Short Term 12: The Indie Movie That Caught Marvel’s Eye

Short Term 12’s star and director will play key roles in the MCU’s Phase Four, so what is it about the film that’s impressed Marvel?

Brie Larson in Short Term 12

This article comes from Den of Geek UK.

Premiering at the South by Southwest film festival in 2013 and becoming an indie favourite almost immediately, Short Term 12 is a fascinating watch in 2019. Not only starring Brie Larson and boasting upcoming Shang-Chi director Destin Daniel Cretton at the helm, but it also features early turns from actors including Rami Malek and Lakeith Stanfield.

It’s the former pair that may prove to be the film’s most memorable finds, with both having been folded into the Marvel Cinematic Universe in the years since. While Larson is now a pivotal part of the MCU’s future as Carol Danvers, aka Captain Marvel, Cretton will get to prove himself once Shang-Chi hits cinemas.

Short Term 12 follows Grace (Larson), a woman working at a home for troubled kids who is also wrestling with her own demons. When she discovers that she’s pregnant, she must figure out where her life is headed and how her past has impacted her present. As incredibly brief and vague of a description of the film that is, Short Term 12 has grown to primarily become a showcase for some incredible, subtle performances from actors who would later become huge stars.

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Considering the direction Marvel eventually went with the lead character in Captain Marvel – as a pilot who loses everything suddenly and has to piece herself back together – it’s easy to guess what the studio may have seen in Larson’s performance. The character is prickly and reluctant to trust, but Larson brings an innate likeability to her as well as a believable commitment to the greater good.

The “greater good” in Short Term 12 is of course slightly lower-stakes than it is in Captain Marvel and Avengers: Endgame, but to Grace, the things she deals with on a day-to-day basis are no less important. And it’s also true that both Carol and Grace have to deal with forms of abuse that have informed their current personalities and learn to rely on others where they would have operated alone.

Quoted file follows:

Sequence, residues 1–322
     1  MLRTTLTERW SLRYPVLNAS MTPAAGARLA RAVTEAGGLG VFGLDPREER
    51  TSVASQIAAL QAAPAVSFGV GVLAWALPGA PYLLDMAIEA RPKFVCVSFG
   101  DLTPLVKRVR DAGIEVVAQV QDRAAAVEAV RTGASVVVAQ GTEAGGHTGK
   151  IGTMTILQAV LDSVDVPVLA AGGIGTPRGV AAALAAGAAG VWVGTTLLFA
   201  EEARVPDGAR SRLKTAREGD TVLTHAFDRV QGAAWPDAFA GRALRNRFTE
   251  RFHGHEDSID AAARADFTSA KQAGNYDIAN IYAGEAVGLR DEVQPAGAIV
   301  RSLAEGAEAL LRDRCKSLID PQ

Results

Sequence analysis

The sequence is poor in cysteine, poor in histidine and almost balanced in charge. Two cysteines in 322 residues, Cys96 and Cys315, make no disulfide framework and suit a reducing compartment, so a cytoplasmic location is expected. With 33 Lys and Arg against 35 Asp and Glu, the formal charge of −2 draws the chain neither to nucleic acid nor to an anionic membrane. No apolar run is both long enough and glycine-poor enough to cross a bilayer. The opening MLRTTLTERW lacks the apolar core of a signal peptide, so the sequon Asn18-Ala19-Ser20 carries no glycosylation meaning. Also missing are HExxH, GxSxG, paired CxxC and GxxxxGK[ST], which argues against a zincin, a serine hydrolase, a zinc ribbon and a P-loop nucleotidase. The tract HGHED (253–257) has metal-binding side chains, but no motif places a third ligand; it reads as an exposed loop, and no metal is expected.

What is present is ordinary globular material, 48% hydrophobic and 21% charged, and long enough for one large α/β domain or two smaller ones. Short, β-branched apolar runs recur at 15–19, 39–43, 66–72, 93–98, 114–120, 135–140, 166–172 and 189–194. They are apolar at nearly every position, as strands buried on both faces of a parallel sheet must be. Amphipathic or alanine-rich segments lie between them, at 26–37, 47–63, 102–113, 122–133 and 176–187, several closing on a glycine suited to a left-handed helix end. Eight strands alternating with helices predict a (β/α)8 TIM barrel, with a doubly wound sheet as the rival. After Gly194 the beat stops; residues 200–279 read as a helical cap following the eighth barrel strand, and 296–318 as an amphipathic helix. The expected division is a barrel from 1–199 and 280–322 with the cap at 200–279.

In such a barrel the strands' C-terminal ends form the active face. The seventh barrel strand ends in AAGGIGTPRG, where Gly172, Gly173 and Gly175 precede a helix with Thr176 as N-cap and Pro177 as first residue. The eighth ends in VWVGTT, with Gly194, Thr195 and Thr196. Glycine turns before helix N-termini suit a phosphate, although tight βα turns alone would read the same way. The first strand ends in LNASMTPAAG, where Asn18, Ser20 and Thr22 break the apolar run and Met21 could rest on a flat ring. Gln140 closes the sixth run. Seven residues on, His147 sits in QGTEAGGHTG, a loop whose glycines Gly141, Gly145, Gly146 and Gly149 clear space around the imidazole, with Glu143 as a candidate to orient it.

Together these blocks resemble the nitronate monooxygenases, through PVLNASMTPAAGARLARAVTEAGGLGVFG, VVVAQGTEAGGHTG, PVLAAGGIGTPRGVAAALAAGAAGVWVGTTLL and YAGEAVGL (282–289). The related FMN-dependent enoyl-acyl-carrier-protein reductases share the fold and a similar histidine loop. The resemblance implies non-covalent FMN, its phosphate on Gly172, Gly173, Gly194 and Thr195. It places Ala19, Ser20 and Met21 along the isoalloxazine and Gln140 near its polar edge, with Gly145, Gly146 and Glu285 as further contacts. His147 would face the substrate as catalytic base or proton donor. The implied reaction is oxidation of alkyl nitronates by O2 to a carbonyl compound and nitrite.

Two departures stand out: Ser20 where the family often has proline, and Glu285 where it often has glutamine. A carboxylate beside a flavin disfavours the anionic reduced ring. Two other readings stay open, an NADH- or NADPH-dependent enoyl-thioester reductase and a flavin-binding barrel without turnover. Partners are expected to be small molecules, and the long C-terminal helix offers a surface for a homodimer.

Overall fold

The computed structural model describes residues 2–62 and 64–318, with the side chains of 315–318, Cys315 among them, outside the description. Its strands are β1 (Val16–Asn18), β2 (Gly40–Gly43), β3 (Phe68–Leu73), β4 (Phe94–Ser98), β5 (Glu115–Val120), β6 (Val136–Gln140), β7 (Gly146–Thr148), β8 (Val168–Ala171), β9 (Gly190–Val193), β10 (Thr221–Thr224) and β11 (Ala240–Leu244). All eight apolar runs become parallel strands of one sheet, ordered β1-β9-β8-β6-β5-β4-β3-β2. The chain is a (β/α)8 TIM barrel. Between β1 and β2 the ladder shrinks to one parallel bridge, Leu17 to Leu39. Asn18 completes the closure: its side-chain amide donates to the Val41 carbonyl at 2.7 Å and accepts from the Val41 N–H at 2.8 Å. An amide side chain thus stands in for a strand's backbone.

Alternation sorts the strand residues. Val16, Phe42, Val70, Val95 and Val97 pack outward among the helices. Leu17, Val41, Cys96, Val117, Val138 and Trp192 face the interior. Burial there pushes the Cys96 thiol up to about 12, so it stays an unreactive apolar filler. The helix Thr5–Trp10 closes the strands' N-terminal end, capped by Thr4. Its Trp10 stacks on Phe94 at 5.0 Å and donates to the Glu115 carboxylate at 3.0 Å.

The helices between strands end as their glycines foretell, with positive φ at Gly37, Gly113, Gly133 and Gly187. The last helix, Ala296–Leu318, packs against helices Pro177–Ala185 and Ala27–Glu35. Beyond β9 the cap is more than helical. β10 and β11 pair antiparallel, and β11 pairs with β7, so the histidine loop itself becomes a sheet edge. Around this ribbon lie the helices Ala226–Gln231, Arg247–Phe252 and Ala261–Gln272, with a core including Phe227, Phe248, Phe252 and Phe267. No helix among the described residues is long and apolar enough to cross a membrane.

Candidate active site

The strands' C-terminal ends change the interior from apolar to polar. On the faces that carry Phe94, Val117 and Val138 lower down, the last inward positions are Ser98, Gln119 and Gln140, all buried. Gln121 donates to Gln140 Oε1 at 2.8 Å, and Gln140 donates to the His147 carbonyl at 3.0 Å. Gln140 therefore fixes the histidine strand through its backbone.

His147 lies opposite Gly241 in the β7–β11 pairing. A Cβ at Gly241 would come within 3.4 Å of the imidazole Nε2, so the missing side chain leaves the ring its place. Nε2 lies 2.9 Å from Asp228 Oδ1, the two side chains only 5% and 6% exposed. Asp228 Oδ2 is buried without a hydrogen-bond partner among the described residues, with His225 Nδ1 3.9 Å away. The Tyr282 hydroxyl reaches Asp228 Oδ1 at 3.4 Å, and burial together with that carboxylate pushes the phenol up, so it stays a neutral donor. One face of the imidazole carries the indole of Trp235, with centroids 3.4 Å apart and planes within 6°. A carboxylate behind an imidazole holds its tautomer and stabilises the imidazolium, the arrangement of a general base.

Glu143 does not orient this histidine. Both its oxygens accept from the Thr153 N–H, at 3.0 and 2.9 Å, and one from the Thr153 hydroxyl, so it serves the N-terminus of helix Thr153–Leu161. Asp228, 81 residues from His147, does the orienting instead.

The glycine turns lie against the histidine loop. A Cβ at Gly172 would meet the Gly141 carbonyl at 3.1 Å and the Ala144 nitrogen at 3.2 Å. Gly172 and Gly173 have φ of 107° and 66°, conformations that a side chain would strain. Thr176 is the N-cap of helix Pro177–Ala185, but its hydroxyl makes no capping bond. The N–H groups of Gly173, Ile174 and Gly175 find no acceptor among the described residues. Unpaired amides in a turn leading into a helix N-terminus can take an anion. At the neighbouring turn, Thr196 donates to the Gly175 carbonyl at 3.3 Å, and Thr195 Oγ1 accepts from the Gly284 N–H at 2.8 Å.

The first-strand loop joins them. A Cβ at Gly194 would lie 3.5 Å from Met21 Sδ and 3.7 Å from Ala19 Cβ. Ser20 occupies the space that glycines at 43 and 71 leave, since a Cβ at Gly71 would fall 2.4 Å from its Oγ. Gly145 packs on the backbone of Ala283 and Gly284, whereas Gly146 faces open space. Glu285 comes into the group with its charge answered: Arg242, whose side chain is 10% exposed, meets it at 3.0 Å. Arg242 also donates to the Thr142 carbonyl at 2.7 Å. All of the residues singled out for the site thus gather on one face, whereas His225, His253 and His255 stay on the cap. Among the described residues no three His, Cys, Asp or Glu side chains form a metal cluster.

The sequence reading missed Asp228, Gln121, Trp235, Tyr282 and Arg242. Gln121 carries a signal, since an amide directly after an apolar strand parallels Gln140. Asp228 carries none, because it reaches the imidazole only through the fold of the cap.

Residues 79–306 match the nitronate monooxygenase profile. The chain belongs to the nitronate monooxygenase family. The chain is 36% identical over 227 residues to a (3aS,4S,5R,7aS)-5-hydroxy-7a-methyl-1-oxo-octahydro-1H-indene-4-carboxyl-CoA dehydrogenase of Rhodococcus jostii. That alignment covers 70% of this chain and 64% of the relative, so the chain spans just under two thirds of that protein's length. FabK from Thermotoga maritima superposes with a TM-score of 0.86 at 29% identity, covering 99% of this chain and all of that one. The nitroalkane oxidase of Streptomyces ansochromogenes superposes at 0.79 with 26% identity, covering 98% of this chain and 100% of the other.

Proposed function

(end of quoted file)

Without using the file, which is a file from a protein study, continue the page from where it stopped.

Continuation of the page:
Larson shows the same grit, determination and vulnerability in her role as a kidnapped mother wrestling with what freedom means in Room, which won her a much-deserved Oscar. As such, Larson was seen as a considerable boon for the MCU which, up until recently, had found some of its greatest success in choosing actors who weren’t otherwise enjoying the kind of mainstream success the franchise could give them.

Larson was already recognisable as a movie star, but both the publicity tour and the actor’s wider public persona could actually be argued as having worked in Captain Marvel’s favor. Larson is an advocate for equality in the industry, which is very much a part of her character’s journey, and her being known before her MCU casting means there’s an added gravitas to her position as possibly the most powerful Avenger in Endgame and beyond.

Speaking of beyond, Shang-Chi is an enticing prospect in a number of ways, not least because it will feature the MCU’s first Asian lead superhero. But it’s also notable for being the second of the franchise’s films to be directed by an Asian filmmaker (the first being The Eternals, for which Marvel has hired Chloe Zhao). The decision continues the tradition of hiring smaller directors for massive tentpole movies, which has paid off in spades in the cases of Ryan Coogler on Black Panther and of course the Russo brothers on Captain America: The Winter Soldier.

Destin Daniel Cretton first caught the eye of Hollywood with his Short Term 12 short, which was shown at the San Diego film festival and subsequently translated into the full-length film of the same name. To date, he has released just two more films – I Am Not A Hipster and The Glass Castle – also starring Brie Larson, and has another, Just Mercy (also starring Larson along with fellow MCU alum Michael B. Jordan), set for release in 2020.

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Shang-Chi would be an impressive jump for any filmmaker, but one Marvel is obviously comfortable with Cretton making. One of the reasons the MCU has found success where others have failed is its commitment to character, and Cretton’s work has proven more than anything that he’s a director who can create the smaller, quieter moments that the best superhero films make sure to prioritize.

While there have been some rather epic failures stemming from the relatively recent practice of hiring blockbuster-untested directors for massive franchise films, this is also one of the more intriguing moves for Marvel. Whether it’s Taika Waititi on Thor: Ragnarok or James Gunn on Guardians of The Galaxy, these filmmakers can launch or reinvigorate franchises with a fresh approach.

We currently have very little idea of what Shang-Chi will look like, or even where it might fall in Marvel’s upcoming release schedule, but Cretton and Larson are both symbols of where the post-Endgame Avengers could go. Both are incredibly adept at delivering compelling character moments and emotional through-lines, whether that’s through direction or performance, and their key roles in Marvel’s upcoming slate means Short Term 12 may be in the future looked back on even more as a breeding ground for the industry’s next generation of talent.